Fans of True Blood will be particularly impressed by Ryan Kwanten. Shane Cooper is pretty much the exact opposite of Jason Stackhouse: smart, sensitive, and dedicated. The actor really gets a chance to show his range here, and it didn't take long for me to be able to stop looking at him as Sookie's older brother and start seeing him as a genuine action hero. Most of the other parts are pretty one note, though I will give Tom E. Lewis credit for being an imposing presence onscreen. The mute villain could easily come across as shtick, but he underplays it to just the right effect.
Just yesterday I was watching one of the extras on the new Criterion edition of Samuel Fuller's The Naked Kiss, and in this documentary, Wim Wenders was lamenting that the B-movie was a thing of the past, it was all about maximum profit anymore. The second-tier genre picture had stopped being a viable place for guys like Fuller to hone his craft. Someone should get Red Hill into Wenders' hands, I think he'd like it. Patrick Hughes has made an unabashed B-movie. He's put together a contemporary western that hums with all the expected components. Hughes makes no pretense of it being any more than it is, he just makes sure that Red Hill is the best at what it's supposed to be.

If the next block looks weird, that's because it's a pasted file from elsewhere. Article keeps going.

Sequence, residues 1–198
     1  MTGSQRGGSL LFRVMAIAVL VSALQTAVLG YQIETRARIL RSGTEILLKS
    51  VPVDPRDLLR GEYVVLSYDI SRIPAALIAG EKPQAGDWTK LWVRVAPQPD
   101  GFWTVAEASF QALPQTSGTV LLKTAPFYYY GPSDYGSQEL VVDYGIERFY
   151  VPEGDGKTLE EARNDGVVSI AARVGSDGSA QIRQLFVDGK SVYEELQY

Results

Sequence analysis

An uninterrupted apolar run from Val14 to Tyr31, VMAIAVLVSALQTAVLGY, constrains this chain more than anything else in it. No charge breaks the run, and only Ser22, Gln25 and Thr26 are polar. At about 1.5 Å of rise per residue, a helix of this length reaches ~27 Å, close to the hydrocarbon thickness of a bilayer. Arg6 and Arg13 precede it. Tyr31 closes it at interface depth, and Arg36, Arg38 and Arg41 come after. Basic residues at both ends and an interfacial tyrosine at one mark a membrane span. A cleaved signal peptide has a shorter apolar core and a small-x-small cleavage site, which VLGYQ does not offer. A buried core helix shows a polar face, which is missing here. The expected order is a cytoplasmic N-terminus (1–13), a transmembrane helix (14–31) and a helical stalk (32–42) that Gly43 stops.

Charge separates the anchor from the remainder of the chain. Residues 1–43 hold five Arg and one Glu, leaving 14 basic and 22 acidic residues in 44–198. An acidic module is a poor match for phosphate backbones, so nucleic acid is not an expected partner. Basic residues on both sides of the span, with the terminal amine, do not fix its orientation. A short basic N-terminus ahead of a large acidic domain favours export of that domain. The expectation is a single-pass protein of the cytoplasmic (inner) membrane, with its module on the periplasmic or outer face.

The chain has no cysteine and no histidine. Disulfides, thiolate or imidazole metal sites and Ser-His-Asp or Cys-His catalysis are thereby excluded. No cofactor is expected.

The DVD for Red Hill has a mostly good but inconsistent picture. Some scenes tend to run a little soft in the details, with shimmers around the edges of figures and spotty blacks. These are mostly early on, though, and eventually that stuff smoothes itself out and the picture remains vibrant for the long haul. The anamorphic transfer is at 2.40:1, so it's good and wide.
The 5.1 Dolby mix of the English soundtrack is good and delivers the information in a clear fashion, but I was surprised there wasn't more going on between the speakers. I didn't notice much in terms of isolated effects in the back speakers. I would have expected the gunfire to zing around more. It's serviceable, though.
Subtitles are available in standard English and also Closed Captioning, as well as Spanish.
None, unless you count a handful of trailers--none of which are for Red Hill.
Highly Recommended. The Australian western Red Hill is an entertaining, no-nonsense genre picture that updates the cowboy revenge flick and makes it perfectly believable in the modern era. True Blood's Ryan Kwanten impresses as a believable police officer with a conscience, and the bloody gunplay should satisfy action fans hungry for a good shootout. It's not an entirely new story, sure, but it doesn't have to be. It's also not a dumb movie, it does what it does with the utmost of quality, so you can pop your popcorn and sit down and know you're in for a good evening's viewing.
Jamie S. Rich is a novelist and comic book writer. He is best known for his collaborations with Joelle Jones, including the hardboiled crime comic book You Have Killed Me, the challenging romance 12 Reasons Why I Love Her, and the 2007 prose novel Have You Seen the Horizon Lately?, for which Jones did the cover. All three were published by Oni Press. His most recent projects include the futuristic romance A Boy and a Girl with Natalie Nourigat; Archer Coe and the Thousand Natural Shocks, a loopy crime tale drawn by Dan Christensen; and the horror miniseries Madame Frankenstein, a collaboration with Megan Levens. Follow Rich's blog at Confessions123.com.